“We do not allow the activity Mr. Boland observed and are working to correct” it, Amazon said in a statement. “It appears only a small number of these books were sold by third-party sellers in our store, and we have no evidence that any were counterfeit. We are investigating how this occurred.”

Mr. Boland takes the misuse of his name personally. “When a seller claims to have a 1602 edition that it’s charging nearly $1,000 for, it’s defaming me by implying that the book existed before I wrote it — i.e., that I’m a plagiarist,” he said.

Amazon argues in court papers that the same shield that protects Facebook and Twitter from being sued over posts by their users — Section 230 of the Communications Decency Act — protects it as well, even if the product is a physical item.

Mark Lemley, the director of the Stanford Program in Law, Science and Technology, said the company was probably right. “I don’t think Amazon will be liable for misstatements posted by others, and certainly not if it wasn’t aware of them,” he said.

Mr. Boland, who is acting as his own lawyer, said he made Amazon aware of the problem last spring but got nowhere. Only after his suit was filed did Amazon begin pulling the erroneous listings down. Perfect Crime’s damages, Amazon said in a filing, “if any,” were not caused by Amazon and “are vague, uncertain, imaginary and speculative.”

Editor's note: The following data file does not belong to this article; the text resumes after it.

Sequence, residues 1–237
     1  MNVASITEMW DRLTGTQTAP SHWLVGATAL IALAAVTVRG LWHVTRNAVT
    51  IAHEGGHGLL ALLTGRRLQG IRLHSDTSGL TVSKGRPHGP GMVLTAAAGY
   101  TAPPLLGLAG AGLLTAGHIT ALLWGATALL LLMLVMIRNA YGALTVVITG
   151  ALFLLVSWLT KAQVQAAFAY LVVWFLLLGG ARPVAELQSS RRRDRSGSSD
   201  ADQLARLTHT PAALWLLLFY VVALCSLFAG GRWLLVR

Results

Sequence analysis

Some of the backdating sellers named in the suit are based in Dallas, leading Mr. Boland to suspect they are connected. Sandy Dunes, Open Range and Rocky Mountain all seem to have disappeared, or perhaps changed their name.

In 2019, Mr. Bezos celebrated the fact that Amazon’s two million independent sellers were doing so well. “To put it bluntly: Third-party sellers are kicking our first party butt,” he wrote. They were pulling in $90,000 a year on average, the company said.

With a little fraud it’s possible for a third party to make much more, at least for a while.

The U.S. attorney’s office in the Western District of Michigan recently announced arrests in a case involving Amazon’s textbook rental program. Geoffrey Mark Hays Talsma was charged with selling his rentals of “Using Econometrics: A Practical Guide,” “Chemistry: Atoms First” and other volumes instead of returning them.